all the above customs still exist in some parts of our beloved country,
however unintelligible they may have become in others. But to give a
specimen of the non-exhaustion of any one of their topics.

Beef, for example. Now, we should like to know who has exhausted the
subject of the fine old roast Christmas piece of beef, from its original
appearance in the meadows as part of the noble sultan of the herd,
glorious old Taurus,--the lord of the sturdy brow and ponderous agility,
a sort of thunderbolt of a beast, well chosen by Jove to disguise in,
one of Nature's most striking compounds of apparent heaviness and
unencumbered activity,--up to its contribution to the noble
Christmas-dinner, smoking from the spit, and flanked by the outposts of
Bacchus. John Bull (cannibalism apart) hails it like a sort of relation.
He makes it part of his flesh and blood; glories in it; was named after
it; has it served up, on solemn occasions, with music and a hymn, as it
was the other day at the royal city dinner:--

Oh the roast beef of old England!
And oh the old English roast beef!

_And_ oh! observe, not merely oh! again; but and with it; as if,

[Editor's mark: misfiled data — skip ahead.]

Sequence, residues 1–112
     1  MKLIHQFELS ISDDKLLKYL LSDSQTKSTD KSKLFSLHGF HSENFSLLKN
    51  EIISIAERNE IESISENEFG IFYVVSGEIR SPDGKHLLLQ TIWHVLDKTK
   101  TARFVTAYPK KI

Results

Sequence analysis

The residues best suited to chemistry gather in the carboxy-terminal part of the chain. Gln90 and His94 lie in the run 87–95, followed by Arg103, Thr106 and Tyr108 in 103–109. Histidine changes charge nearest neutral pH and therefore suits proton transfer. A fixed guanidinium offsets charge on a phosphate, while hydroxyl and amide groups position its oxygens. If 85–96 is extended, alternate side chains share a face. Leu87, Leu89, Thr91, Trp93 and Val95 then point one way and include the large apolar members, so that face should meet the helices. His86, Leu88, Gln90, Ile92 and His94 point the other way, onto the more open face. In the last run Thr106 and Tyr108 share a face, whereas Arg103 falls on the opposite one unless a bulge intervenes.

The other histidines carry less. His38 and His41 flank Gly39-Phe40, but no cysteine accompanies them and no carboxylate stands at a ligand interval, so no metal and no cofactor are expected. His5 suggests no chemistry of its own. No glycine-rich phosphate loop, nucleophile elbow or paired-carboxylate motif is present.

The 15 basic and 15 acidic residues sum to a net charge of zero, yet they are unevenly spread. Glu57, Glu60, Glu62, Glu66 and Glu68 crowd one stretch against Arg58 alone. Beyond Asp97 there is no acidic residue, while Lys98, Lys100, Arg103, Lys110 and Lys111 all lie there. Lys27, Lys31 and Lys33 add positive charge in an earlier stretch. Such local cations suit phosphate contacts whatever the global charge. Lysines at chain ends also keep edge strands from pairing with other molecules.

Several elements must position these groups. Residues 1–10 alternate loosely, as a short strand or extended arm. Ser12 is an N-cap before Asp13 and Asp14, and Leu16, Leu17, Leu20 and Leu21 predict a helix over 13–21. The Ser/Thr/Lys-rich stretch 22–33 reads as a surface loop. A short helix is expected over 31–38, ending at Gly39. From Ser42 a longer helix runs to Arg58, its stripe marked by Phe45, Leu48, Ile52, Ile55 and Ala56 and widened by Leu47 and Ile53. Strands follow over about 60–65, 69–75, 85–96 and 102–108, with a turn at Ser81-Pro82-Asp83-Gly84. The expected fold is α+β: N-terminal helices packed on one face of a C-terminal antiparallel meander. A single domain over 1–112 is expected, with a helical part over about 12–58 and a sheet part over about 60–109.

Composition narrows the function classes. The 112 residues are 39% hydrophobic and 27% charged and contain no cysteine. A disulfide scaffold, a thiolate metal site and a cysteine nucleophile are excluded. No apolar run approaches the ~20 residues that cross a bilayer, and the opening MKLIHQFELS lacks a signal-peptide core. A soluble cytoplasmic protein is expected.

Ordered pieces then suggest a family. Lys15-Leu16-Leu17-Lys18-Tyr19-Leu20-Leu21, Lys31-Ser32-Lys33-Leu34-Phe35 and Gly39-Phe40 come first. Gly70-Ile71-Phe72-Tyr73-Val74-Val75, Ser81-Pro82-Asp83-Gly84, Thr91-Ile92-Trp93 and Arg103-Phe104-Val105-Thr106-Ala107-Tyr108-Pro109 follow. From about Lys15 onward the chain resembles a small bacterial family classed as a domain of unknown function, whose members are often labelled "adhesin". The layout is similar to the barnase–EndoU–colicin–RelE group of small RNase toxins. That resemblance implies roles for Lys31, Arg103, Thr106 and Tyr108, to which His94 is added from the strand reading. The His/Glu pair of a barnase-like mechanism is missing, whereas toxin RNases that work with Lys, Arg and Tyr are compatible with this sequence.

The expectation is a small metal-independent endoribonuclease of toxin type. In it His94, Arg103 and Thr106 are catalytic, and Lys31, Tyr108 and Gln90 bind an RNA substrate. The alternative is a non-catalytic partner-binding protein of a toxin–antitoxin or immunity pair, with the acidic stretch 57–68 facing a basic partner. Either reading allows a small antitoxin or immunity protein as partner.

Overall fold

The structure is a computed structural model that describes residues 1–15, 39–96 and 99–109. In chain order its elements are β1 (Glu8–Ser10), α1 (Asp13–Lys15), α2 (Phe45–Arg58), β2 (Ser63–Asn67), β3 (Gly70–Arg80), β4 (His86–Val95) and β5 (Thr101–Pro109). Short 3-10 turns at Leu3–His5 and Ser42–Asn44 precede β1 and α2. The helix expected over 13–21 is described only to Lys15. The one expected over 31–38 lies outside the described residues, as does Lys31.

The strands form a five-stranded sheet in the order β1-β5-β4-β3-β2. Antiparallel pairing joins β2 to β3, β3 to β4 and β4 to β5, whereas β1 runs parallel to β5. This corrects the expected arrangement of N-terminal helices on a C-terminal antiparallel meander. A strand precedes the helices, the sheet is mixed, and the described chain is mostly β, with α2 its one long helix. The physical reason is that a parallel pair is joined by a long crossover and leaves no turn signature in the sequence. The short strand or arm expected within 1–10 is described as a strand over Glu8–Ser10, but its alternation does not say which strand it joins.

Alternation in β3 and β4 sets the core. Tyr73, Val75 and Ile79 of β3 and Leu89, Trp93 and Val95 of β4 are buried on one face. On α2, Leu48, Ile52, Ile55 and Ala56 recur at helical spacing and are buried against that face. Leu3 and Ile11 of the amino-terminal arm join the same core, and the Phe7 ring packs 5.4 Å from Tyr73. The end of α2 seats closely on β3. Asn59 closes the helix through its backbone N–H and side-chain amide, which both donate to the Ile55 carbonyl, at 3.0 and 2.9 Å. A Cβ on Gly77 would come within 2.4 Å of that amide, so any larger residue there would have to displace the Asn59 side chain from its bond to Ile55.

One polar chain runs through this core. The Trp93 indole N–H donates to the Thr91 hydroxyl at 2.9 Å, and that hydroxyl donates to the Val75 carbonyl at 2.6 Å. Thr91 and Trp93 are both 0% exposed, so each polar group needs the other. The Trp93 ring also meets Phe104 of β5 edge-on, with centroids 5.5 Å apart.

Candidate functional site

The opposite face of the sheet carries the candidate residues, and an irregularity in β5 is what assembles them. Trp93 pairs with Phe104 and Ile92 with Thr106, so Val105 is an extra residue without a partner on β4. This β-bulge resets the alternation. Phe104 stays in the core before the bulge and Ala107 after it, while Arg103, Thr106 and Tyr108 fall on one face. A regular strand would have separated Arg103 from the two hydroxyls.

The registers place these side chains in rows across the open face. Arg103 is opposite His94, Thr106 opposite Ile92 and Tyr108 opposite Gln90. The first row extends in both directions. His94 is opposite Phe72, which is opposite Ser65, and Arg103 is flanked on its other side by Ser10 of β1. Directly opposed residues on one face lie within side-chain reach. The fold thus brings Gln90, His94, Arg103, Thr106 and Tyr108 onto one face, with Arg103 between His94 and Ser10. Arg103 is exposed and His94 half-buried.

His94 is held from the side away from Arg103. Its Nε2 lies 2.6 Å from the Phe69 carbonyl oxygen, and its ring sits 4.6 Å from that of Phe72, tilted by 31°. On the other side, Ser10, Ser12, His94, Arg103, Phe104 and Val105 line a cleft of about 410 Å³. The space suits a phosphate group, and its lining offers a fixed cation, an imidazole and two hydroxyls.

though the same piece of beef, it were also another,--another and the
same,--cut, and come again; making two of one, in order to express
intensity and reduplication of satisfaction:--

Oh the roast beef of old England!
_And_ oh the old English roast beef!

We beg to assure the reader, that a whole _Seer_ might be written on
this single point of the Christmas-dinner; and shall we be told (as
orators exclaim), and this, too, in a British land, that the subject
is _exhausted_!

Then plum-pudding! What a word is that! how plump and plump again! How
round and repeated and plenipotential! (There are two p's, observe, in
plenipotential; and so there are in plum-pudding. We love an exquisite
fitness,--a might and wealth of adaptation). Why, the whole round cheek
of universal childhood is in the idea of plum-pudding; ay, and the
weight of manhood, and the plenitude of the majesty of city dames.
Wealth itself is symbolized by the least of its fruity particles. A
plum is a city fortune,--a million of money. He (the old boy, who has
earned it)--

Puts in his thumb,

_videlicet_, into his pocket,

And pulls out a plum,
And says, What a _good man_ am I!

Observe a little boy at a Christmas-dinner, and his grandfather opposite
him. What a world of secret similarity there is between them! How hope
in one, and retrospection in the other, and appetite in both, meet over
the same ground of pudding, and understand it to a nicety! How the
senior banters the little boy on his third slice! and how the little boy